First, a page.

- Business Ambassador(s)- This role acts as the key representative of the solution development team and decision maker for the business
- Business Advisor(s)- This role holds a business subject matter expert. The advisor(s) provide a specific, and often specialist input to solution development or solution testing
- Business/Process Analyst(s)- Are both active in supporting the project level roles and fully integrated with the solution development team. They develop the requirements and benefits. Facilitating the expectation of the business to the members of the solutions development team by communicating the needs and wants of the business
- Business Testers – Test the solution, making sure it works as desired from the end user i.e. a student user who intends to access a student system web portal
The green entities identify roles representing Solution development. These roles are responsible for the day to day work required to build the solution:
- Technical coordinator- Is the projects technical authority who ensures the solution design is technically coherent and meets the desired technical standards. They ascertain the same perspective as the Business Visionary from the business point of view
- Technical Advisor/Solution Advisor- Supplies specialist domain design and advice on subject matter
- Solution developer- Translates the business requirements with the technical aspects to create Solution Increments that meets the needs of the business as a whole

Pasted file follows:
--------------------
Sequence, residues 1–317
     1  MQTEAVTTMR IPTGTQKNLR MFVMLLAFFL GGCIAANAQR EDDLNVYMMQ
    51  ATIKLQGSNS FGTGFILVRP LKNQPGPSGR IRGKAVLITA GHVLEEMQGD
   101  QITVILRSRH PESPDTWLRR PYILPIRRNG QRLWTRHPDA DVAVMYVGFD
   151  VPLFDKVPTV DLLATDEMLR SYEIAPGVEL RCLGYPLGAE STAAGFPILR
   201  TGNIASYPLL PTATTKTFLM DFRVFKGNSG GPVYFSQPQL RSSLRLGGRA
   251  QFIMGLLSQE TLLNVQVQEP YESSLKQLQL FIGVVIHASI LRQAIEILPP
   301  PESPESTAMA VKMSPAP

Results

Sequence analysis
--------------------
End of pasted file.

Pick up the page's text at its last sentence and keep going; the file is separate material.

- Service Transition Manager- Ensures effective transition from project to service and support. Including technical and business readiness
- Service Manager(s)- Run and improves the delivered solution. I.e a solution can include but not be limited to the following: IT Applications Support, Faculty Operations, Service Delivery, Server Management, Remote Access, Systems Maintenance
- Solution Tester- Performing testing throughout the project in accordance with the agreed strategy (including both functional and non functional requirements)
The grey entities identify roles with specific process interests. Providing assistance and guidance to the project on an ad hoc basis throughout the lifecycle. Roles include:
- Workshop/ Improvement Facilitator – Provides neutral organisational workshops to help meet a predetermined objective within a timeframe
- DSDM/ Governance Coach – The appointed member of staff or DSDM official would play a key role in the design, authority, methodology and standards of the wider organisation in which they work. Advising members of staff.
The Blue entities identify roles representing management interests. Roles include (but not limited to):
- Project Manager- Managing the working environment in which the solution is evolving. This entails leaving detailed planning of the actual delivery of the product(s) to the members of the solutions development team
- Team Leader- Leads the delivery team, or a specific workstream to ensure it functions as a whole and meets its objectives. Usually part taking in the fulfillment of another role i.e. Solution Developer/Tester.